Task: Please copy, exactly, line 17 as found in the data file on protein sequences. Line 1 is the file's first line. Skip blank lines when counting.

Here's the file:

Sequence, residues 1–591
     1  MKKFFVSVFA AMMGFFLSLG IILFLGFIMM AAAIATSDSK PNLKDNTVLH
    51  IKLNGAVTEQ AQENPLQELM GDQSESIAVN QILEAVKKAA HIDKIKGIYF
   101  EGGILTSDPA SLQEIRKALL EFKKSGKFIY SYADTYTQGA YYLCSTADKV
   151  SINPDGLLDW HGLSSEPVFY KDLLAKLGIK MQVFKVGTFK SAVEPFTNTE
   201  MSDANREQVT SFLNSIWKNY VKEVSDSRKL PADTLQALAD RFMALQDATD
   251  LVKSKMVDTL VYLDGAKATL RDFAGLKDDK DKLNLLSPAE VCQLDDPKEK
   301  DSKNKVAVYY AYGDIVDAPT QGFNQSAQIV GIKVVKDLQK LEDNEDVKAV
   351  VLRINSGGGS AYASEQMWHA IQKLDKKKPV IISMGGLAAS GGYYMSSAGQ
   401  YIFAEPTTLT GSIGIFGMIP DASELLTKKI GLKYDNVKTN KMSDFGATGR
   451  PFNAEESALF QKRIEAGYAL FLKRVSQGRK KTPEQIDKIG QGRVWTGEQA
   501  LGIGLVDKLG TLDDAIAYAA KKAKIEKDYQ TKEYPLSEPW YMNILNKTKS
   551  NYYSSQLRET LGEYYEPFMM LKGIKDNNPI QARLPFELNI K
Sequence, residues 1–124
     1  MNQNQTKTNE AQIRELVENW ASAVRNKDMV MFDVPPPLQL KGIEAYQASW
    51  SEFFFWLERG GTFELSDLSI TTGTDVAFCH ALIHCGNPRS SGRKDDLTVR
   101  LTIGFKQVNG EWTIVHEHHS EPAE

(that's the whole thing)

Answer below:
   101  LTIGFKQVNG EWTIVHEHHS EPAE